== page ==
Improving America’s healthcare
After reading your 8/26 editorial regarding perceived difficulties and concerns (some valid, others really not) regarding the possibility of our nation’s moving to a single-payer/“Medicare-for-All” system at some point, it occurred to me that such public discussion concerning our nation’s healthcare system is a very good thing indeed given the various proposals now being offered by various Democratic candidates, the lack of any viable proposals by Republicans despite Mr.Trump’s promises of implementing a “fantastic” healthcare plan while working to further dismantle remaining “Obamacare” policies (including protections for those with pre-existing conditions), and the ongoing and pressing problems with our current profit-driven and fragmented healthcare system which affect us all.
It remains a national disgrace that we remain the only developed country in the world which does not provide some kind of universal healthcare to all of its citizens. Surely this should be a high-priority goal warranting a concerted and bipartisan effort to find a way to make this happen, and thus these issues desperately demand active and constructive thought and debate in order to find a workable way to do so.
Although the idea of quickly shifting to such a system is in many ways appealing, it does seem that such a sudden shift could be quite jarring and chaotic, and that this path may not be realistic given the current political realities at play paired with the many fears and concerns entailed, as noted in your editorial.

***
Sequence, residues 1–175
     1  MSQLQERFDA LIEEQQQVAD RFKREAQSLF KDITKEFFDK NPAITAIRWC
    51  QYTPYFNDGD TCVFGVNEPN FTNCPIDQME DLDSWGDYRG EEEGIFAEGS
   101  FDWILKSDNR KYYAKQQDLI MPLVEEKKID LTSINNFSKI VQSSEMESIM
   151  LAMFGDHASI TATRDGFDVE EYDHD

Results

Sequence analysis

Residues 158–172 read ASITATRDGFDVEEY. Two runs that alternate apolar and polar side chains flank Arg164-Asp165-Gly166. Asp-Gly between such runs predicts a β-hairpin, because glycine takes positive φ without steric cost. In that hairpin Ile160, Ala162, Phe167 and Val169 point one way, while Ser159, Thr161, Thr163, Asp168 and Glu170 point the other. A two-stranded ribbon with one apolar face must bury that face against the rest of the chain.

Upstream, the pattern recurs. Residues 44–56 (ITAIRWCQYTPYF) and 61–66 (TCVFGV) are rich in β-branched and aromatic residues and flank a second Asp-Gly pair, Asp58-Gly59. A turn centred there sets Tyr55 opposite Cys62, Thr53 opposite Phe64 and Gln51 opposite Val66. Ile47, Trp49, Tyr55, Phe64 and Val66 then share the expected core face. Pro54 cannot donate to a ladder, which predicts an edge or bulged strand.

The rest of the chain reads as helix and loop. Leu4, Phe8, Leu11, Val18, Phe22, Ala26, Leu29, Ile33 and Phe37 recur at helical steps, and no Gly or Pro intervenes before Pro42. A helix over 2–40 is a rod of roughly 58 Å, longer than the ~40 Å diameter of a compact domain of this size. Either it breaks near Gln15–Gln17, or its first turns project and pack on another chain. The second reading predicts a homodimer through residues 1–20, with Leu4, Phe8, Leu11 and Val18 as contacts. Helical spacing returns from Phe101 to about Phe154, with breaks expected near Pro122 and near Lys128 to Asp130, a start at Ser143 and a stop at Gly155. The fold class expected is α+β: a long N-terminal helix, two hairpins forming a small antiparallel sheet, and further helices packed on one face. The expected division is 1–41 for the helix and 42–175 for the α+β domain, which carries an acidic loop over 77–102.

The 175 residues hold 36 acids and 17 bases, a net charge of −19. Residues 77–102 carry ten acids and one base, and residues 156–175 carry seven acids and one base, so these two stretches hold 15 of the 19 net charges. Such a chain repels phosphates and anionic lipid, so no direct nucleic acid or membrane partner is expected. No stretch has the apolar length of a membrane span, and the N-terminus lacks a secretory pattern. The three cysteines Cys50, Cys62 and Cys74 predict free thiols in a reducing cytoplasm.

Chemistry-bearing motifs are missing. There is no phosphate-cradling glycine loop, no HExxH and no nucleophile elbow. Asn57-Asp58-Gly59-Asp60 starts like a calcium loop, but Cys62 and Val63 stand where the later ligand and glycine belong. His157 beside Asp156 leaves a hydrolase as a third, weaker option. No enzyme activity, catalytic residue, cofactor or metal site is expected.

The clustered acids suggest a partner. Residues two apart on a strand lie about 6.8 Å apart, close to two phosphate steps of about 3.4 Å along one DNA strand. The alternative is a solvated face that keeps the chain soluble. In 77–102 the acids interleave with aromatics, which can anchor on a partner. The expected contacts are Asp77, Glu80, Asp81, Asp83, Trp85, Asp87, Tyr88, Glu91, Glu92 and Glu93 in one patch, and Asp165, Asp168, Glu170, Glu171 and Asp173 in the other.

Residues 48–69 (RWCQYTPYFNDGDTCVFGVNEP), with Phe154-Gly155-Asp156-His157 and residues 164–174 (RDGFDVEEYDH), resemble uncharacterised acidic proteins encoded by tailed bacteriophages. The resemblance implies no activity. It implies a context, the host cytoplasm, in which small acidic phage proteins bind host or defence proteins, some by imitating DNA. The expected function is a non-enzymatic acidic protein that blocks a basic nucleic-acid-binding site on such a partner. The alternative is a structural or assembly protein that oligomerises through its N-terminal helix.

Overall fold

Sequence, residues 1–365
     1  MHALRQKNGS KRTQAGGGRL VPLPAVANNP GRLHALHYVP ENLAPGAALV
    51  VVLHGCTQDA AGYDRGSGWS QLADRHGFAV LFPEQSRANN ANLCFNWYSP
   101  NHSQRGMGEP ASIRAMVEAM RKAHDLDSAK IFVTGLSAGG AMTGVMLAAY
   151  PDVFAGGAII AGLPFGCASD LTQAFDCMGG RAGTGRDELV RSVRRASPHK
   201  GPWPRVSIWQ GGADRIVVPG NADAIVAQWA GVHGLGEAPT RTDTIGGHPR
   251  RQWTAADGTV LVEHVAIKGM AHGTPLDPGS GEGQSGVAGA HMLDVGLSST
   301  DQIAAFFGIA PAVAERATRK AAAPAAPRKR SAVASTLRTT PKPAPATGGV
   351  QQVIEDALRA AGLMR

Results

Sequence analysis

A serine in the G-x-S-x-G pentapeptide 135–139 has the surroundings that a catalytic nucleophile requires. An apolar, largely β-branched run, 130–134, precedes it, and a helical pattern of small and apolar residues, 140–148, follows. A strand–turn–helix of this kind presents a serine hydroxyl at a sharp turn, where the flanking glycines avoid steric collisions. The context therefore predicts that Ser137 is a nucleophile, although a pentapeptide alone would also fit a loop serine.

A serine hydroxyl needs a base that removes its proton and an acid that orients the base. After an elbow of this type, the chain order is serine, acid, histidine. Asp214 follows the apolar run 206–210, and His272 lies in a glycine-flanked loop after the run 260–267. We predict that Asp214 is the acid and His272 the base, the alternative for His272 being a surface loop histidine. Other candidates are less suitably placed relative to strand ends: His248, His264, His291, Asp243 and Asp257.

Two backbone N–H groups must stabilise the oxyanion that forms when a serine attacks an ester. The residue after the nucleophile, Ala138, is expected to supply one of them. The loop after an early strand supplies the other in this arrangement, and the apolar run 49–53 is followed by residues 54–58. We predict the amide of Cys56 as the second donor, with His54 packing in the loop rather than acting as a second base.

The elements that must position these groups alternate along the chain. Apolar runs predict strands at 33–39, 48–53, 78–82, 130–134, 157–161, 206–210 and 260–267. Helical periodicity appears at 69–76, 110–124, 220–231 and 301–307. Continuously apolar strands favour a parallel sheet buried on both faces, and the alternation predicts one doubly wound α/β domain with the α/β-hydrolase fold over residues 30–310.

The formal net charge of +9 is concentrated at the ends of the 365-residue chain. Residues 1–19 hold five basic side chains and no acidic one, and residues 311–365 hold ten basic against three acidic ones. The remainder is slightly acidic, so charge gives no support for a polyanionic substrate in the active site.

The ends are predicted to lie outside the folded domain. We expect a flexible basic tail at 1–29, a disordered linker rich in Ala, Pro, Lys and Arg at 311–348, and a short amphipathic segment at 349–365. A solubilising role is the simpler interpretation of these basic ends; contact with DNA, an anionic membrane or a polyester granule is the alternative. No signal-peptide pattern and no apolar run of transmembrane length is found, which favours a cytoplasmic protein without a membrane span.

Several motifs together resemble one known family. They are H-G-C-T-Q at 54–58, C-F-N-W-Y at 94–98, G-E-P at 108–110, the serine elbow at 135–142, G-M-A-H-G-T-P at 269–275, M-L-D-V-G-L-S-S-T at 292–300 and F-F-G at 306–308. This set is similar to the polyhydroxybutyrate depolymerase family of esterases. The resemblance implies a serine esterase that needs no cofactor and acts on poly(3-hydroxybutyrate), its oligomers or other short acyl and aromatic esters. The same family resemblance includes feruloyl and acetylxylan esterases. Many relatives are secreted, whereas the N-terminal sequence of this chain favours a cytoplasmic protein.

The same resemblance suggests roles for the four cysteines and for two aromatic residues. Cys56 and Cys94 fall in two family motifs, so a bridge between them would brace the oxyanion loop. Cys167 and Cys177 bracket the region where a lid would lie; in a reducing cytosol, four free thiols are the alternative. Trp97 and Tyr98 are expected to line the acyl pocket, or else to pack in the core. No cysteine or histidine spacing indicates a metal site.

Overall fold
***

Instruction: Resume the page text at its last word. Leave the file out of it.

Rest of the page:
So what I am truly looking forward to hearing is a long-range plan (maybe 8 years, give or take?) wherein progressive steps toward universal healthcare are gradually phased in, as this would likely be a smoother and more acceptable way to go. For example, and just looking at the big picture: maybe a good first step would be to offer Medicare as a “public option,” as proposed by a number of Democratic candidates, with reasonable subsidies available (as is done in “Obamacare”) to help those in need to afford such coverage. Private insurers could offer supplemental and “advantage” programs to fill in the gaps, just as they do now.
Then, once “the dust settles” on this change, a good second step might be to lower the age for normal Medicare eligibility to 55, with private insurers again offering supplemental/advantage programs as usual.
A final third step could then be to expand to a truly universal single-payer Medicare-for-All system, with private insurers continuing to serve a major role by offering those supplemental and advantage programs.
Subsequently, perhaps the possibility of a truly comprehensive Medicare-for-All system could be considered, although absorbing private insurers into this system in a satisfactory manner would be a bit tricky, but not impossible.
In this way, problems arising could be addressed at each step before moving on to the next phase, with other adjustments being considered as things unfold – and even these early steps would serve to dramatically improve our current system, with each then building on the preceding ones.
Surely America, with the unmatched resourcefulness and ingenuity of her people, can figure out some way to provide universal healthcare to all of her citizens as do all other developed countries in the world, can’t she? I believe we can if we really commit to doing so. So let’s discuss and debate how to best do this in a constructive and collaborative manner, brainstorm possibilities, weigh the pros and cons entailed, and finally get this done together.
Dale E. Buonocore,